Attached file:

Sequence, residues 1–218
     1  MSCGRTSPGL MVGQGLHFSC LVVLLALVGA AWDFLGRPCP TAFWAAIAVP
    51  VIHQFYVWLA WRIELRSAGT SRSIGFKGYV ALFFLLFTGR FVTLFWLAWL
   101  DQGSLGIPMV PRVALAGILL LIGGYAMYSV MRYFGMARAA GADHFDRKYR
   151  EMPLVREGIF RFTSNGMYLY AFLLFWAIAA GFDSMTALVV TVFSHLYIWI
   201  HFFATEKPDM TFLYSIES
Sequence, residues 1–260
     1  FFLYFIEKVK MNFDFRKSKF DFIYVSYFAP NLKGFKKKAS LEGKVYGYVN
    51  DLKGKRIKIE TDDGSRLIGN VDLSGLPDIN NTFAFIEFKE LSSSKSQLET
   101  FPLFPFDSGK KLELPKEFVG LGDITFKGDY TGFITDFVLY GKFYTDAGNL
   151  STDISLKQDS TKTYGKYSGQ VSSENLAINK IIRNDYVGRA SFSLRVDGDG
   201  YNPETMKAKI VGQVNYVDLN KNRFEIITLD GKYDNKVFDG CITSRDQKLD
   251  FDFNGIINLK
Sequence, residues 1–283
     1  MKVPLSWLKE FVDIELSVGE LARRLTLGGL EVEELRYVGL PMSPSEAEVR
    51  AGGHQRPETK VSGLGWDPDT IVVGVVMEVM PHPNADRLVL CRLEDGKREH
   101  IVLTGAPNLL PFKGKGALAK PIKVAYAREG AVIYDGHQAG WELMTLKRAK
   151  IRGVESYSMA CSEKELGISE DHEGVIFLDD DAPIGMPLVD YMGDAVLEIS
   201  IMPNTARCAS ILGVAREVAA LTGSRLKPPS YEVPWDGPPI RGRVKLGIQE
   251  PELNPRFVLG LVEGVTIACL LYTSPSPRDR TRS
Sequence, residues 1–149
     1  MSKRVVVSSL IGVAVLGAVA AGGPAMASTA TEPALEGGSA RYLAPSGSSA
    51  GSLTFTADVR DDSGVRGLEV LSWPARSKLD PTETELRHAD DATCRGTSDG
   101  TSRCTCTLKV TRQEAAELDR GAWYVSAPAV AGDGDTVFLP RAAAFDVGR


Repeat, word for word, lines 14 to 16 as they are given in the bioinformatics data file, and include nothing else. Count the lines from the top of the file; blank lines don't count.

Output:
Sequence, residues 1–283
     1  MKVPLSWLKE FVDIELSVGE LARRLTLGGL EVEELRYVGL PMSPSEAEVR
    51  AGGHQRPETK VSGLGWDPDT IVVGVVMEVM PHPNADRLVL CRLEDGKREH